Stability of Diagnoses in Young Children
Multiple studies have demonstrated the stability of diagnoses made at age 2 (Charman et al., 2005; Kleinman et al., 2008; Stone et al., 1999); between 80 and 90% of toddlers diagnosed as two year olds continue to receive a confirmed diagnosis when evaluated at age 3 or later. Children may move among subtypes (Autistic Disorder to PDDNOS or the reverse), and the long-term stability of PDDNOS is less consistent than that of full autism (note, these subtypes will disappear from DSM-V). Numerous studies have shown that an autism spectrum diagnosis at age 2, based on the clinical judgment of experienced clinicians employing information from standardized instruments, is generally reliable and stable well into the school-age years. There are few studies of the stability of ASD diagnoses under 2 years. Chawarska et al. (2007) reported that 100% of 27 toddlers initially diagnosed with autism or ASD between 14 and 25 months retained the diagnosis when reassessed one year later. However, another recent study (Turner, & Stone, 2007) found stability rates that were much lower, 68% for autism and 63% for ASD. Thus, it is critical that toddlers diagnosed with autism or ASD before age 2 be routinely re-evaluated after the age of 3 to examine the accuracy of the initial diagnosis.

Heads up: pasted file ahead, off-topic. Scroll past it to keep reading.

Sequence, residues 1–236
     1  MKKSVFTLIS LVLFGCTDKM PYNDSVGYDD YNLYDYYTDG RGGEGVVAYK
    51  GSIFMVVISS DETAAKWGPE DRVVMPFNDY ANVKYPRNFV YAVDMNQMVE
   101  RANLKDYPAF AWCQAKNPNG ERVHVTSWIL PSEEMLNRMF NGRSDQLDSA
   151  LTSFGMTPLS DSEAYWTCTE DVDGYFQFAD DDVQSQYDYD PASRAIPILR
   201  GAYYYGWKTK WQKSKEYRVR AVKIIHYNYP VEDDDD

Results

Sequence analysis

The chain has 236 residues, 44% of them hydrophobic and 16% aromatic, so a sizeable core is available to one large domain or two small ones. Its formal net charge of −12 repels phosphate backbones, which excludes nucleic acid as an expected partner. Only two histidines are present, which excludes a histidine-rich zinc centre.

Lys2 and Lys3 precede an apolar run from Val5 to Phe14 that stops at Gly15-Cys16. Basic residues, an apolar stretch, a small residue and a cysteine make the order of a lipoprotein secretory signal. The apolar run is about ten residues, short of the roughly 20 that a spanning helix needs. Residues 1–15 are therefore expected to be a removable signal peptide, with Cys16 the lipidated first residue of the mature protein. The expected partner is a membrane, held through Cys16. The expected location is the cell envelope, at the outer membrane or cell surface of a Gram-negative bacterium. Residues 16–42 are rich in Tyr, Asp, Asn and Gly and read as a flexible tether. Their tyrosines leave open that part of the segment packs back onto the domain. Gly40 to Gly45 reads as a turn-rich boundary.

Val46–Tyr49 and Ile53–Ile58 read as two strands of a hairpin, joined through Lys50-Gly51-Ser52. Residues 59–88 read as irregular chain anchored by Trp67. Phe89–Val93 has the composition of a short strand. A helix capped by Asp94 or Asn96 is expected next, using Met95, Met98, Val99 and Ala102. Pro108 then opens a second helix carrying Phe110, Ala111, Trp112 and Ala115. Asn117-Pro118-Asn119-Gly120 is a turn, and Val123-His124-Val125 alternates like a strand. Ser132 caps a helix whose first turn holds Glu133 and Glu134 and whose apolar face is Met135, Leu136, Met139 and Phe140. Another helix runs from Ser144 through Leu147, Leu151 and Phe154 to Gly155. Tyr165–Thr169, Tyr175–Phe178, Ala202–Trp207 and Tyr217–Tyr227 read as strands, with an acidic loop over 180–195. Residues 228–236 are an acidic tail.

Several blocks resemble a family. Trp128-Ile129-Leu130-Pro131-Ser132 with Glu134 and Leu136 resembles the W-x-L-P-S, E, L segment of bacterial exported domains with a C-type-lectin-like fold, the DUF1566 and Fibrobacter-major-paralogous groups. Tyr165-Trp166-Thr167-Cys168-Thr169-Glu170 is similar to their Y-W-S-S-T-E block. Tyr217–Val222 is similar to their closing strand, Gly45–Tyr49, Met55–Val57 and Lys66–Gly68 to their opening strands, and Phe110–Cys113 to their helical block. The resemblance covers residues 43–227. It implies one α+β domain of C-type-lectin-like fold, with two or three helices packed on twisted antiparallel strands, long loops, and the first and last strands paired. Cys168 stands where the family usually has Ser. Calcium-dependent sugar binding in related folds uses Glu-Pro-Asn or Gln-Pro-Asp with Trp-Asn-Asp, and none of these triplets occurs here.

Recently, our understanding of how the first signs of autism emerge has changed. The traditional notion was that there were two broad onset patterns. The most common course involves early signs of developmental differences, before 12-18 months of age. In approximately a third of cases, however, symptom onset does not occur until sometime in the second year of life, between 14 and 24 months of age (Fombonne, & Chakrabarti, 2001; Lord, Shulman, & DiLavore, 2004), after a developmental regression, or loss of previously acquired skills. The most frequently reported skill lost is language, although virtually all children who lose language lose social behaviors as well, such as eye contact, social interest, and engagement with others (Ozonoff, Williams, & Landa, 2005). However, more recently, we have come to realize that these two onset patterns do not capture all of the different ways autism emerges. There seem to be different patterns of late onset of symptoms – regression and plateau - though it is often difficult to separate children who show a regression (skill loss) from children who show a developmental “plateau,” marked by a failure to progress and transform simpler behaviors into more advanced social and communication skills (Chawarska et al., 2007; Siperstein, & Volkmar, 2004). Moreover, many children with a reported regression already have a number of developmental delays prior to the regression itself (Goldberg, Thorsen, Osann, & Spence, 2007; Ozonoff et al., 2005; Siperstein, & Volkmar, 2004; Werner, Dawson, Munson, & Osterling, 2005), and some children with clear signs of autism in the first year of life also experience skill loss in the second year (Werner, & Dawson, 2005). Some have suggested four different onset patterns: early (before 12 months) onset of symptoms without skill loss, late onset of symptoms seen in skill loss (regression) without early symptoms, early onset combined with later skill loss, and late onset without skill loss (developmental plateau) (Ozonoff et al., 2010). Another way to think about how autism begins is that children may reach the threshold for diagnosis at different points in the first three years of life, involving different amounts and/or combinations of early signs, slowing development, lack of progression, and frank losses (Landa et al., 2007; Rogers, 2009; Ozonoff et al., 2010). In these videos, we will illustrate the two traditionally defined patterns of onset (early onset and regression), but it is important to remember that not all children will fall into these categories or that failure to display these kinds of trajectories does not rule out an autism diagnosis.